On one hand you have Max programmers who might be interested in using their programming expertise in an environment like Live which can provide for their needs when it comes to audio or midi processing. Although Max is perfectly capable of recording audio it takes quite an effort to set it all up. Whereas Live can basically record with the click of a mouse button. Enter Max for Live..

Max for Live

And on the other hand there are users like myself; people who are fully into Live yet have (had) no clue about the existence of something like Max. Presenting them with Max for Live might give them a whole new experience which could very well expand so far that Live itself simply won’t be enough for them anymore. Enter Max..

To me Max for Live is the best thing which could have happened to Live ever. Even though my experiences with Live were very limited when I first came into contact with Max for Live I immediately recognized the potential it provided and basically jumped onto the bandwagon with very little doubts. It was then and there where I first came into contact with Max. And I guess I’m the living proof that the strategy does seem to work considering that I started with a Max for Live license (which I even (‘ab’)used to create full blown Max patches) yet eventually ended up with a full Max license (Max/MSP/Jitter) as well.

At the time of writing Max for Live can provide Instruments, Midi and Audio effects all easily used within Live. Do note; a so called runtime which Max has is not available. In other words; in order to use a Max patch you can download the freely available runtime and use the patch.

In order to use a Max for Live patch you either need to have the Suite version of Live (this includes Max for Live out of the box) OR buy a separate Max for Live license. There is no freely usable runtime. The opinions on that matter differ, personally I don’t think that there’s an advantage of having a free runtime for either the companies nor the early adopters.

Programming with Max for Live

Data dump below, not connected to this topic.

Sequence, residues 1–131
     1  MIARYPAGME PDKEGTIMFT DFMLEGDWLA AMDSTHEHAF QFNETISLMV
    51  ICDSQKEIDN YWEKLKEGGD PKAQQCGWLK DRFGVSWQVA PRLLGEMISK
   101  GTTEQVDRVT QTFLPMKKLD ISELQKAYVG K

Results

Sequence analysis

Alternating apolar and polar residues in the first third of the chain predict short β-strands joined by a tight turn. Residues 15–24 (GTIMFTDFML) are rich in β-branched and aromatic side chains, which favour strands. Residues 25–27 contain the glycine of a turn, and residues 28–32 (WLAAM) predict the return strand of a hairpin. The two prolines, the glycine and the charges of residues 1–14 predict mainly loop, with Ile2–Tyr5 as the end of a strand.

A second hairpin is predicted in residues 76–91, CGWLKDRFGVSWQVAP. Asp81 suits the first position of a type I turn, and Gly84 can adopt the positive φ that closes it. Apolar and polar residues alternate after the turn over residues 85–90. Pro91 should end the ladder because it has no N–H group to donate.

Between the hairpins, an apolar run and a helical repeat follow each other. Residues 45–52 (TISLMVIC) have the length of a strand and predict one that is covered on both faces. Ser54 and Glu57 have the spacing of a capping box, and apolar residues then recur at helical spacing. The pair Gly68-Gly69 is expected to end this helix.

In general using Max for Live is not that much different from using Max.

The biggest difference as can be seen to the right is that the patcher window now has a grey background in comparison to the white background of the Max patcher window.

But apart from that this is in every aspect of the word Max embedded within Live. For example; you will notice that the icon bar at the bottom is exactly the same as that in the pictures above. Even some of the objects are a perfect match (the grey “text fields” for example).

As a side-note; in this screenshot you can now more clearly see the inlets and outlets of the several objects. A good example is the “p reset_values” object which has one inlet and up to 4 outlets.

Don’t mind the changed menubar by the way; this is “by design”. I set that up in an attempt to make sure people would notice the comment field at the bottom and read the release notes. The reason for that is that this patch, a tone generator, can easily provide very high and thus quite annoying noise.

(note that this patch can be downloaded on my M4L Patches page).

The main difference however is the inclusion of Live objects. Notice the drop-down menu in this screenshot? If you scroll back up to the ‘ReWire controller’ patch you’ll notice that the menus there look completely different.

Since Max for Live came to existence there have been several new objects added to the Max environment. Ranging from the “” you see above right to stuff like “live.dial” and “live.button”. Alas, for a rough overview see this screenshot:

Max for Live’s Live capabilities

Although having Max within Live should in itself already provide enough means to create devices to enhance Live they also made sure to provide a Live programming model which can be used to access and control several specific Live controls. Ranging from simple aspects like, for example, the track volume right to more specific elements such as arming or de-arming a track.

All in all Max for Live (‘M4L’) provides a full blown programming environment within Live which can be used to do whatever ideas you might have but which at this time aren’t natively supported by Live “out of the box”.

And there you have it…

Right now I don’t think I’d be able to get used to a Live environment anymore when it doesn’t have any M4L capabilities. Its influences can be very subtle like providing a way to quickly stop a certain action right to more complex tasks such as providing previously mentioned action but this time depending on a random factor.



I hope this gives a global impression about Max and Max for Live. But if you want to get the official wording on it all I’d like to suggest a visit to the official product pages for Max or M4L (which has two:) courtesy of Ableton and the one courtesy of Cycling ’74.